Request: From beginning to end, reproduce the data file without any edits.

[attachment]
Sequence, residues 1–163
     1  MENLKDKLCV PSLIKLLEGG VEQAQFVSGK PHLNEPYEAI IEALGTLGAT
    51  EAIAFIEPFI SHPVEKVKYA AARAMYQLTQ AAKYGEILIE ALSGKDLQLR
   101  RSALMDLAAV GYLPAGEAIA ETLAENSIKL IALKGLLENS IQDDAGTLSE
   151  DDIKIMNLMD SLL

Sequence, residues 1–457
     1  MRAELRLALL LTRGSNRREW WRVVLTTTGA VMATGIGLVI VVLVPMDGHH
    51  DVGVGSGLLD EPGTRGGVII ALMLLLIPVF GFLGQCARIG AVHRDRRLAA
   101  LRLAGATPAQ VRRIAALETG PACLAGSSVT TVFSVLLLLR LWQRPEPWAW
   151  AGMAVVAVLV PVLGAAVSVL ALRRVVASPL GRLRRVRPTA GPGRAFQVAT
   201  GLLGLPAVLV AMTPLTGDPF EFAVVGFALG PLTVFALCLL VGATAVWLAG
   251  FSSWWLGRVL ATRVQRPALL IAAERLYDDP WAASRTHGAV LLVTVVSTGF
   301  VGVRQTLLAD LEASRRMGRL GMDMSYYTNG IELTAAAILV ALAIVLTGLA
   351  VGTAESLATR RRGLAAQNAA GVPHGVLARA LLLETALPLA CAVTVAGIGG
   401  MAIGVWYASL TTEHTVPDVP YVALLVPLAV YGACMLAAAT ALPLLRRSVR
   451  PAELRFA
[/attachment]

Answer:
Sequence, residues 1–163
     1  MENLKDKLCV PSLIKLLEGG VEQAQFVSGK PHLNEPYEAI IEALGTLGAT
    51  EAIAFIEPFI SHPVEKVKYA AARAMYQLTQ AAKYGEILIE ALSGKDLQLR
   101  RSALMDLAAV GYLPAGEAIA ETLAENSIKL IALKGLLENS IQDDAGTLSE
   151  DDIKIMNLMD SLL

Sequence, residues 1–457
     1  MRAELRLALL LTRGSNRREW WRVVLTTTGA VMATGIGLVI VVLVPMDGHH
    51  DVGVGSGLLD EPGTRGGVII ALMLLLIPVF GFLGQCARIG AVHRDRRLAA
   101  LRLAGATPAQ VRRIAALETG PACLAGSSVT TVFSVLLLLR LWQRPEPWAW
   151  AGMAVVAVLV PVLGAAVSVL ALRRVVASPL GRLRRVRPTA GPGRAFQVAT
   201  GLLGLPAVLV AMTPLTGDPF EFAVVGFALG PLTVFALCLL VGATAVWLAG
   251  FSSWWLGRVL ATRVQRPALL IAAERLYDDP WAASRTHGAV LLVTVVSTGF
   301  VGVRQTLLAD LEASRRMGRL GMDMSYYTNG IELTAAAILV ALAIVLTGLA
   351  VGTAESLATR RRGLAAQNAA GVPHGVLARA LLLETALPLA CAVTVAGIGG
   401  MAIGVWYASL TTEHTVPDVP YVALLVPLAV YGACMLAAAT ALPLLRRSVR
   451  PAELRFA